I try to never miss covering the annual SIGGRAPH convention, where I get a sneak peek at where computer graphics technologies are heading. Such innovations, many seen for the first time at this important convention, will shape not only the Entertainment Industry, but our lives in general, with potentially positive and negative implications.
The area of most interest for me is a broad range of computer-aided filmmaking methods known as Virtual Production. Growing out of the gaming industry, which requires accelerated graphics processing to not only create, but to play games in real time, these tools enhance creativity and save time compared to traditional linear pipelines. The mass market demand created by gamers allowed for investment in research and resulted in much innovation, which we can all take advantage of. However, in order to play these games in real time in a virtual world, graphics processing speed, and quality, still needed to be improved.
Answering the call, companies like NVIDIA have had to come up with schemes to speed up their graphics processing units, or GPUs. Now, with the addition of Artificial Intelligence (AI) to the mix, new worlds of realtime rendering at near photo-realistic quality are opening up. These graphics cards, once the domain of only the highest end desktop workstations, can now be added to relatively inexpensive laptops with the power to not only play in, but create virtual worlds.
One recent AI dependent breakthrough that got a lot of attention at SIGGRAPH is Ray Tracing. Although I’m not a gamer, and graphics technology can sometimes be challenging to wrap your head around, ray tracing was explained to me in these rather simple terms. It’s basically an attempt to emulate the way light works in the real world. Instead of creating pre-designed, or “baked-in” lighting for scenes in CGI, the simulated path of the light is traced, (or rather, millions of simulated light paths.) As the light bounces off objects, it moves and interacts with their properties. For example, if it bounces from a glossy green surface, its hue should change. The resulting image improvement, while it may seem subtle, is what separates fake looking CGI from that which is truly believable.
Also growing out of the gaming industry is technology known as the Unreal Engine, first introduced in the late 1990s by Epic Games for the first-person shooter game Unreal. It has since been successfully used in a variety of other action genres, including other fighting games, “MMORPG,” (Massively Multiplayer Online Role-Playing Games), and “Platformers,” a video game genre where the player controlled character must jump and climb between suspended platforms while avoiding obstacles.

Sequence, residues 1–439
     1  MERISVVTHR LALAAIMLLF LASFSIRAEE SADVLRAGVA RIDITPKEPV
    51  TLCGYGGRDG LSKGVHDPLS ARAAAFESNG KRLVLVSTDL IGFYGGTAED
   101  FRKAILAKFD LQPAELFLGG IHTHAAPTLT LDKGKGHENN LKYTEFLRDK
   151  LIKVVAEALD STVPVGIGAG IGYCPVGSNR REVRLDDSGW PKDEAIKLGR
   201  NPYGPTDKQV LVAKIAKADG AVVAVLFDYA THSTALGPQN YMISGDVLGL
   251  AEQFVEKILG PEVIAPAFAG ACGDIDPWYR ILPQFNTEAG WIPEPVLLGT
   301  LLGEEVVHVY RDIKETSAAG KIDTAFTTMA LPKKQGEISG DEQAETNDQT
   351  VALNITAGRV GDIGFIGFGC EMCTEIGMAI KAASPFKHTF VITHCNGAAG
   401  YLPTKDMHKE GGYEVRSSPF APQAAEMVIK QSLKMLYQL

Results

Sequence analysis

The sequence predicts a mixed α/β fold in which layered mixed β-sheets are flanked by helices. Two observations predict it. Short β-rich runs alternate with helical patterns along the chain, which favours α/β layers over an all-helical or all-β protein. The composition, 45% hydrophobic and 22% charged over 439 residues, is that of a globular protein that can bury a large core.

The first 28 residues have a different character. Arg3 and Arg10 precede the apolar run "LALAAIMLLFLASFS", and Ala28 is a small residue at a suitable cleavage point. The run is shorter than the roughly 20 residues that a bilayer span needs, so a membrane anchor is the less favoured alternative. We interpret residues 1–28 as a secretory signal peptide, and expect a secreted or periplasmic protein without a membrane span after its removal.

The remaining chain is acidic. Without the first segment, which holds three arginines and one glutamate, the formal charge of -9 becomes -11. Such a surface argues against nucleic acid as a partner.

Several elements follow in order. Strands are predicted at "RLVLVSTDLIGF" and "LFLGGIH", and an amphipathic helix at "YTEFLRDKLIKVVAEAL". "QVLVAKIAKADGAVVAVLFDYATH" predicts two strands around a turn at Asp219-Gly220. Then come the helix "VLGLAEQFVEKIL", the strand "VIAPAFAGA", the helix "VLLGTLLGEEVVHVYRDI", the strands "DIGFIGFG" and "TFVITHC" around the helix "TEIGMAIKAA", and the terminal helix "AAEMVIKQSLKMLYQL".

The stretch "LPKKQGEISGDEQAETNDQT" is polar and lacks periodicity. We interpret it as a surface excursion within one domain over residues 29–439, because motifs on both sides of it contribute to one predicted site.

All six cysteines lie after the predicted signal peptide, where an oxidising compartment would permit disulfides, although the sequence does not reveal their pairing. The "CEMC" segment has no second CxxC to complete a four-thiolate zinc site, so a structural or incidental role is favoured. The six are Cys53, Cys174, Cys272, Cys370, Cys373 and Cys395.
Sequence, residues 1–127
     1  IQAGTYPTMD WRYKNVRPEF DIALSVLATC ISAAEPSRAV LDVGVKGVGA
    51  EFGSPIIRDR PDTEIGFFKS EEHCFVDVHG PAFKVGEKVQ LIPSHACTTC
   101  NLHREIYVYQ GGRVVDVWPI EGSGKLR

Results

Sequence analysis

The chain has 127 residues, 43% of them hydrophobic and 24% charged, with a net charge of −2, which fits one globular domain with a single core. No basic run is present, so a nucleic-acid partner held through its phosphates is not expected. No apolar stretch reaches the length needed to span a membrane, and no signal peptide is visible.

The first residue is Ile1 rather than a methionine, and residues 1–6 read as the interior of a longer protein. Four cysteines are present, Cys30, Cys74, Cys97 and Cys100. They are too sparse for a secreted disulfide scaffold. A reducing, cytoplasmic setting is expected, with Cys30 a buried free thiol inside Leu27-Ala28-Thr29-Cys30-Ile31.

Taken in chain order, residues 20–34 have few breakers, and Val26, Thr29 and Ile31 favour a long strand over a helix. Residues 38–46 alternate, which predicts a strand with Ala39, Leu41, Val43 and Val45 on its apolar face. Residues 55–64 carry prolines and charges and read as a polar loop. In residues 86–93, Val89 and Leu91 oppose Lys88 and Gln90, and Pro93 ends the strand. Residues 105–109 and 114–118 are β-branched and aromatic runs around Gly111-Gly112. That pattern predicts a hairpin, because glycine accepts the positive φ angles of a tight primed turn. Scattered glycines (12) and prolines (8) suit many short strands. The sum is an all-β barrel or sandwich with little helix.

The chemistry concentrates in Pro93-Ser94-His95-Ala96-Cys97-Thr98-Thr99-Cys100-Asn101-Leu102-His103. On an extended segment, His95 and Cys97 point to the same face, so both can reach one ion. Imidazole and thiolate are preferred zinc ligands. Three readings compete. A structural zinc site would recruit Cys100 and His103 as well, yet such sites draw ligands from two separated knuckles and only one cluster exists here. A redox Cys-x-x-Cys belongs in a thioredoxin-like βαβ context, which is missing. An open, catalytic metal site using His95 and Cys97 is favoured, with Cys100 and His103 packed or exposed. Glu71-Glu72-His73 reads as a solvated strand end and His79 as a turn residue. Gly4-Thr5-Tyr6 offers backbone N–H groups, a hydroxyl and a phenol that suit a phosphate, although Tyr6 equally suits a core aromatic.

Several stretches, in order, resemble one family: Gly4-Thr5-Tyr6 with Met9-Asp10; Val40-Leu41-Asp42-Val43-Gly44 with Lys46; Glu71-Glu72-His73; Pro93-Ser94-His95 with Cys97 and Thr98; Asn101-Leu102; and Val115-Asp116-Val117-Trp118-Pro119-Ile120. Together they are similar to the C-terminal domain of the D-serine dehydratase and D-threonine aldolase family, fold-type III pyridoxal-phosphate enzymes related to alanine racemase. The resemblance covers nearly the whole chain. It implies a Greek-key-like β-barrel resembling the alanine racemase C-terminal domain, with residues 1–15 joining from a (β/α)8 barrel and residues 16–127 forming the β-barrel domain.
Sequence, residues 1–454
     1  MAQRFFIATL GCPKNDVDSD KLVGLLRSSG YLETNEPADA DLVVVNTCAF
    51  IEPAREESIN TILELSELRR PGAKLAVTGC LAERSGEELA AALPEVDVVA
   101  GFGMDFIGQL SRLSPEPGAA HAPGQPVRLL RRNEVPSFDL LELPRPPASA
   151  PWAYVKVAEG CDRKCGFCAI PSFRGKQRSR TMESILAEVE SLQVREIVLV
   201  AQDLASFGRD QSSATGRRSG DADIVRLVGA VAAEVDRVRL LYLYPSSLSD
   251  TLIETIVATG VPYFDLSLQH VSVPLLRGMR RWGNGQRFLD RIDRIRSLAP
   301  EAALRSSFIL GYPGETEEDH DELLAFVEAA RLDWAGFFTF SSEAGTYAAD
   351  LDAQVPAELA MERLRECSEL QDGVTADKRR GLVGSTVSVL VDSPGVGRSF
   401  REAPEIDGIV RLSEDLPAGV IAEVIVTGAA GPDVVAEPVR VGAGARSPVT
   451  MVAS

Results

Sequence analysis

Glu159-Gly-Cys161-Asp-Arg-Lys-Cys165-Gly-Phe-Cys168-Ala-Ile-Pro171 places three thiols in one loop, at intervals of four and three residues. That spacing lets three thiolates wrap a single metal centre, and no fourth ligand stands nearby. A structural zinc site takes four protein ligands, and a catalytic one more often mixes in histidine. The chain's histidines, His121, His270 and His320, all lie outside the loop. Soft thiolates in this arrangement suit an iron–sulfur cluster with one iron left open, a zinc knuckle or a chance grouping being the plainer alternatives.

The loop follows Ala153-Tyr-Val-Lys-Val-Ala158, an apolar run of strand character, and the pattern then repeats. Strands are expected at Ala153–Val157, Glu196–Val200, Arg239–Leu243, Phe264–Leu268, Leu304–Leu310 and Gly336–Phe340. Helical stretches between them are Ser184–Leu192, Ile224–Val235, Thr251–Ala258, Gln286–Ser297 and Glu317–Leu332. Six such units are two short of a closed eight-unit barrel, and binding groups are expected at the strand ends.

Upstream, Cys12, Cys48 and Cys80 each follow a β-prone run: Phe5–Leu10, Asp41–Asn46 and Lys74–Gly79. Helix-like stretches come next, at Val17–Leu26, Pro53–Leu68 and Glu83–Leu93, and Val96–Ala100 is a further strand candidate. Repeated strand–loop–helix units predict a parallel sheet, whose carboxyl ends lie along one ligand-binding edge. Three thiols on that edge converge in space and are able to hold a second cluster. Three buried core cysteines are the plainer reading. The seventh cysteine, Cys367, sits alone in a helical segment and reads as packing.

DCS member, and CEO of Stargate Studios, Sam Nicholson, ASC, who has been Visual Effects Supervisor on productions from Star Trek: The Motion Picture to The Walking Dead, demoed a new VFX system at SIGGRAPH known as ThruView. It applies Unreal Engine technology by using camera/lens metadata to drive photorealistic CGI backgrounds. The output is displayed on monitors behind the subject and photographed in realtime as an alternative to a green/blue screen. The canvas need be no bigger than the display positioned behind the talent, but the background’s perspective can be computationally manipulated to create huge worlds that move and can interact with the camera to create virtual movement. See my interview with Sam at this year’s Cine Gear Expo for a better understanding of this amazing use of the technology: https://vimeo.com/341400643
It’s great to see all these demos with your own eyes, but in this case, seeing isn’t always believing. This technology is now going beyond reality which holds great promise for game developers and filmmakers to create believable visual worlds, but in the wrong hands could also be dangerous. What I’m referring to here are “deepfakes,” hyper-realistic manipulation of digital imagery that can alter images so effectively it’s nearly impossible to tell real from fake. It is more than just transplanting one person’s head onto another’s shoulders with Photoshop. We’re talking full animation of facial features cued from mo-cap sensors in real time.
It’s easy to see how this kind of technology can be useful in motion picture production; one example is when characters need to be “brought back to life” after the actor who played them has passed way. Remember Peter Cushing’s appearance in Rogue One or Paul Walker’s last scene in the Fast and Furious franchise, and know that it has only gotten exponentially more sophisticated since then. It’s fun to see Steve Buscemi as Jennifer Lawrence, or Obama’s words and face being manipulated by writer and comedian, Jordan Peele, (below).
However, in the political world, the potential to use the technology to disseminate false information by literally putting words in someone’s mouth is obvious. In this deeply polarized political environment, it is easy to imagine someone trying to use this technology for nefarious purposes; not to mention bogus sex tapes used to extort victims with the threat of public shaming. GPU-accelerated applications are becoming so sophisticated and accessible, that it is honestly getting to be a little scary.
Whether inspiring or scary, there was a lot to see at SIGGRAPH 2019. This 46th annual gathering concluded its week of demos, conferences, and high-level meetings in early August with nearly 19,000 computer graphics professionals in attendance from all over the world. Luckily for me, it was conveniently held in my home town, at the Los Angeles Convention Center. Sadly, I was not able to make it up to Canada for last year’s convention, but I’ll continue to attend whenever I can to keep up with the quickly evolving technologies of CG, Animation, VR, and Games as they become increasingly significant to the filmmaking process.